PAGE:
As the labor shortage rages on, Andrew Lokenauth can’t help but think it’s time for many U.S. businesses to rethink their hiring strategies.
After all, Lokenauth – a hiring manager who has held senior positions at institutions from Goldman Sachs to AIG – is well aware of the alarming labor stats, like the fact that January marked the eighth straight month during which more than 4 million Americans walked out on their jobs.
“Almost every month in 2021 set a new record high of people leaving their jobs, and this will not slow down into 2022,” Lokenauth said. “The pandemic put many things into perspective for employees, such as re-evaluating what’s important in life and important in a job.
“Businesses must start treating employees better.”
The labor shortage – and hiring tips to combat that shortage – are the focus of The Food Institute’s report this month, which will be available to members starting March 15 (to join FI, click here).
These days, business consultant Baron Christopher Hanson frequently speaks with struggling business owners, who feel overwhelmed with the prospect of finding enough workers to survive.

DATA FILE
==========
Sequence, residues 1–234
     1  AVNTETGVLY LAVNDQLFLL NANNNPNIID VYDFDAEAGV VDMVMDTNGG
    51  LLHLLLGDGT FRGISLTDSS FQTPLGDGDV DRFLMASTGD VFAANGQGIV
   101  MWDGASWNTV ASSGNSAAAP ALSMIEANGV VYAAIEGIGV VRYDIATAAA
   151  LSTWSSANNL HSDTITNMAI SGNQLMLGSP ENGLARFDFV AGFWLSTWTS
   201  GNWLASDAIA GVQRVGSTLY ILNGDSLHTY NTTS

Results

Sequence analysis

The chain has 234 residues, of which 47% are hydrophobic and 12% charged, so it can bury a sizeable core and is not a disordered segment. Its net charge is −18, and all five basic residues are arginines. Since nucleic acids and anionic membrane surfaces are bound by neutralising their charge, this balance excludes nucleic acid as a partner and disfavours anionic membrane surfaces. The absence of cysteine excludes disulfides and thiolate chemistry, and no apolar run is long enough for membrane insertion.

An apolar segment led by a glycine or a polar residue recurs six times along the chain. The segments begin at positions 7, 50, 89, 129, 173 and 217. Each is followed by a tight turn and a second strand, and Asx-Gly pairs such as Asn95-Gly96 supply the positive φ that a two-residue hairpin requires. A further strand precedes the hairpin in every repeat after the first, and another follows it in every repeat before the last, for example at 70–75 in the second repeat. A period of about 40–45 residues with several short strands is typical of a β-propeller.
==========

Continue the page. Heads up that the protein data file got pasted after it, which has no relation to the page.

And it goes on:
The key to plotting a path to the other side of the pandemic, Hanson said, is welcoming a business’s new hires like they’re superstars.
“Instead of treating employees like robots, treat them like VIPs,” he said. “Greet them like they’re Tom Brady.”
Many experts feel businesses need to start offering growth opportunities, and training, as part of their hiring sales pitch.
“In the food industry, sometimes we hire staff that aren’t trained. In this case, the industry can benefit from properly onboarding the employee and providing adequate training, to [help] them learn and gain satisfaction,” said Felicia Loo, a food safety consultant with SFPM Consulting.
Other experts feel business leaders need to start looking outside the industry to help solve the labor shortage.
“Now is the perfect time for all industries to source talent from non-traditional places to raise up, and expand, the skills of those often ignored and left on the margins,” said Julie Lamonthe-Jensen, principal of Moxie HR Strategies. “This includes, but is not limited to, recent immigrants, previously incarcerated individuals, those with mental, neurological development or physical disabilities, or similar. There are national and state-wide programs dedicated to the employment of populations that have historically been shut out of opportunities to earn a living